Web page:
After a commercial break, the Freighties unpack for non-Lostpedians: Jin, too, has been flashing through time. Confused, Jin demands a translation — not from Miles (“I’m from Encino,” he deadpans) but from secretly-Korean-speaking Charlotte, who fills Jin in on the whole Locke-leaves-the-Island plan, then spookily intones, “She should never have left.”
Jin and Locke bicker (as usual, Locke wants to go alone) while Faraday and Charlotte flirt. Then she staggers and: FLASH. It’s night. And: FLASH. They’re all freaking out over too many flashes and Charlotte collapses, nose gushing, then gets very intense and incantatory and rants to Jin in Korean — saying, “Don’t let them bring her back! This place is DEATH.”
Charlotte’s clearly caught in that coma lunacy that trapped Faraday’s earlier victim: First she’s a child, then she says something about marrying an American, then about Ancient Carthage. “Oh, turn it up, I love Geronimo Jackson,” Charlotte grins, and FLASH. Daniel refuses to abandon her, so the Losties head off, Sawyer worried about finding the Orchid; Charlotte tells him, “Look for the well.”
Sure enough, at the Orchid, there’s a FLASH and the Orchid is gone. They find the well, but Miles wonders how Charlotte knew that.
A question she promptly answers, suggesting she’ll die soon. As suspected, Charlotte grew up on the Island, a Dharmite. But when her mom hauled her to England, she refused to admit Charlotte’s memories were real, so Charlotte became an anthropologist to find it again. Now she remembers something new: A scary man told her never to come back to the Island or she would die. “Daniel, I think that man was you!”
As Locke preps to go down the well, Jin makes him promise not to bring Sun back: He hands over his ring as evidence of his death. “If whatever you’re attempting to do actually works, thank you,” whispers Juliet, as we whisper the same to the writers, and then wonder why Juliet isn’t trying to leave the Island, too — wasn’t that her chaotic neutral endgame, back when she did more than whisper and console?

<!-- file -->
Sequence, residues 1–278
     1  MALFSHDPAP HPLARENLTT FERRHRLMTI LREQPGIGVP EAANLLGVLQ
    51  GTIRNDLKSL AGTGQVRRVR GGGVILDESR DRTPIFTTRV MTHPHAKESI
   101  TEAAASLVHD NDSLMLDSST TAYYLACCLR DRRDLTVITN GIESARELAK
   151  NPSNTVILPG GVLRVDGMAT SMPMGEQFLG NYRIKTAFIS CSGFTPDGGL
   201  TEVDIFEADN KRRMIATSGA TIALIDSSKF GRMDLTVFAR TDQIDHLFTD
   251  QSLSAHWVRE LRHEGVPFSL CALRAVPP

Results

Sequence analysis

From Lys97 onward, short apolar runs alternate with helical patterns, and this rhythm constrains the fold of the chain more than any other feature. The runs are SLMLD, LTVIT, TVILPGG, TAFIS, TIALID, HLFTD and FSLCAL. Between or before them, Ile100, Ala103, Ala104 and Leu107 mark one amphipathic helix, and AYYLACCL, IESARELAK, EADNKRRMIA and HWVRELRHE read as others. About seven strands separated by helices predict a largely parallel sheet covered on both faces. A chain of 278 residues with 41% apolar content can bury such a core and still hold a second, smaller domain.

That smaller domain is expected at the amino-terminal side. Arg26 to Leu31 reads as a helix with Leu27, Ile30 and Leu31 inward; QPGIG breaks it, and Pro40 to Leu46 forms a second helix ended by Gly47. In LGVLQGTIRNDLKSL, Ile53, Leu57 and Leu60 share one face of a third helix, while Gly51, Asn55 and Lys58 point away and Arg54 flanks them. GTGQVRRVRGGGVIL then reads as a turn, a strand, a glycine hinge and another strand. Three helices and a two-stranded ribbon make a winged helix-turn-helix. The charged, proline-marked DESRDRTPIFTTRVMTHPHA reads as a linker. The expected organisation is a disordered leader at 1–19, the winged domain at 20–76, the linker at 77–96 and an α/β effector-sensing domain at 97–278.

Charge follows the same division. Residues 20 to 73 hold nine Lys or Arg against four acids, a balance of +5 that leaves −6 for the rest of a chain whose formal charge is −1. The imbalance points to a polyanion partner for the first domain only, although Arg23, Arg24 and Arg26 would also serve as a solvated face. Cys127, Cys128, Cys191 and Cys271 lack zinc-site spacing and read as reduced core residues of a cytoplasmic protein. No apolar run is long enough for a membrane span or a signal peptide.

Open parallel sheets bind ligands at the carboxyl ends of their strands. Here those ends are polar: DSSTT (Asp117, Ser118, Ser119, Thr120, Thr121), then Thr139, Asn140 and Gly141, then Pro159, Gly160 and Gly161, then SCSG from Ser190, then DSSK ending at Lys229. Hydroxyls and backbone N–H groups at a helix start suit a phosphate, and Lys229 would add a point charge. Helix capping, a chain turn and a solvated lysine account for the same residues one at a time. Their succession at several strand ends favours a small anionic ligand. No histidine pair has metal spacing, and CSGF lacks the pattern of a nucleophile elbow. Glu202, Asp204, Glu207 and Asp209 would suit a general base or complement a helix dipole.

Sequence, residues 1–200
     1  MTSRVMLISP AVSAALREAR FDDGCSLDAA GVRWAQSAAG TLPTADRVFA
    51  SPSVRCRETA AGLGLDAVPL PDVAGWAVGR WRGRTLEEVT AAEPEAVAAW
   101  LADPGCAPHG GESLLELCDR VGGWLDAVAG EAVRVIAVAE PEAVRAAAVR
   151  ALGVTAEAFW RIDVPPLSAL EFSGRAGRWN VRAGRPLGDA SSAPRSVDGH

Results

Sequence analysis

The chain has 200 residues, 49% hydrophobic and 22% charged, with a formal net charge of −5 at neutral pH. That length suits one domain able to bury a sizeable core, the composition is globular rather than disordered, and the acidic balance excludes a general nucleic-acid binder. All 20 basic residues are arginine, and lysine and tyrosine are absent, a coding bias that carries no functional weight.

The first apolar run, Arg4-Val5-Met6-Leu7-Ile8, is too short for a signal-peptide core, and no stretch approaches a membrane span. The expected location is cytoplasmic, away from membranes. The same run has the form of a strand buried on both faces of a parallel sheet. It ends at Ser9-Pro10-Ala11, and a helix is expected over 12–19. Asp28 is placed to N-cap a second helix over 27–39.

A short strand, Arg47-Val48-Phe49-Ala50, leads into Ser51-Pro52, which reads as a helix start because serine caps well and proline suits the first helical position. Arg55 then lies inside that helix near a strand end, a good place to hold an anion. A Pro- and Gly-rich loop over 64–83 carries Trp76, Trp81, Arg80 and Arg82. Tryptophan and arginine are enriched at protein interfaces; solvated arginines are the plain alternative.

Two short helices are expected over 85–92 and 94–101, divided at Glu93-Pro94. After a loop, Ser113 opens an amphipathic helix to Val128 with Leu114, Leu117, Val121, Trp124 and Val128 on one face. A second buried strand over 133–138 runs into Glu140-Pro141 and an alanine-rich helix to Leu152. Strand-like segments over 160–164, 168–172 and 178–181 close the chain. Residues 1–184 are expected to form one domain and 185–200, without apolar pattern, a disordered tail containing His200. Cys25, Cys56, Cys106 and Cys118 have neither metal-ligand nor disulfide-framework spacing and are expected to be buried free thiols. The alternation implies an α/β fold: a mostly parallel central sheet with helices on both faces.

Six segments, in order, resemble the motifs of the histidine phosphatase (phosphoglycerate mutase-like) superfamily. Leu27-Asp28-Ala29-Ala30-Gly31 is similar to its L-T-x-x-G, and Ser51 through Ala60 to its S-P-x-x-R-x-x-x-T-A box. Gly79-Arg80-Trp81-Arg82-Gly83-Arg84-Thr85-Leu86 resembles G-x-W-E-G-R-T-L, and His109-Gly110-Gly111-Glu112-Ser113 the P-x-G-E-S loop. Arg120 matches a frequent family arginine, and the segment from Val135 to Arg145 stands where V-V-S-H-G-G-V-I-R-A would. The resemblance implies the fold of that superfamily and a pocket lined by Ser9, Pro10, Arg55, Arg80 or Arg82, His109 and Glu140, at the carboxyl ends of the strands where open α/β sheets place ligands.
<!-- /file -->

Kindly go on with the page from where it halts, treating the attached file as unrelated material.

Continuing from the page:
FLASH! “I think you can let go of that,” snarks Miles — Sawyer’s rope is sticking straight into the earth. Juliet consoles him.
David reassures Charlotte his mom is on the way. “I’m not allowed to have chocolate before dinner,” Charlotte says. She dies; Faraday’s sobbing; we have mixed feelings.
Poor Locke! Crippled again, he hears scary footsteps — it’s Jack’s Dead Dad, a.k.a. Christian, possibly also Jacob. Christian explains that Locke was supposed to move the Island, not Ben, and poor Locke — such authority issues — gets new marching orders: Gather the O6, bring them to Eloise Hawking, return to sender. Alpert said he’d die, worries Locke. “Well, I believe that’s why they call it a sacrifice,” remarks Christian.
The Donkey Wheel is dislodged, causing the flashes, so tormented Locke lugs himself over to shove it. “Say hello to my son!” says Christian. “Who is your son?” moans our clueless savior.
What We Know Now
• Charlotte was a Dharma Youth.
• Ben met Locke before he died.
• Rousseau’s “illness” involves people possessed by some evil consciousness. Which could explain Claire’s behavior, and if you stretch a bit, Jack’s.
The Wha? Factor
• Daniel must time travel to warn Charlotte — but then why would he, given what she just told him, and the fact that it didn’t work…?
• Is the Island “death”? Should she “never have left it”? Trust Ben? Trust Jacob? Trust Christian? Make up your mind, Oracular Visions!
• What’s Sun’s game? Did Ben kill Locke? And is Mom Sun willing to babysit for the rest of the season?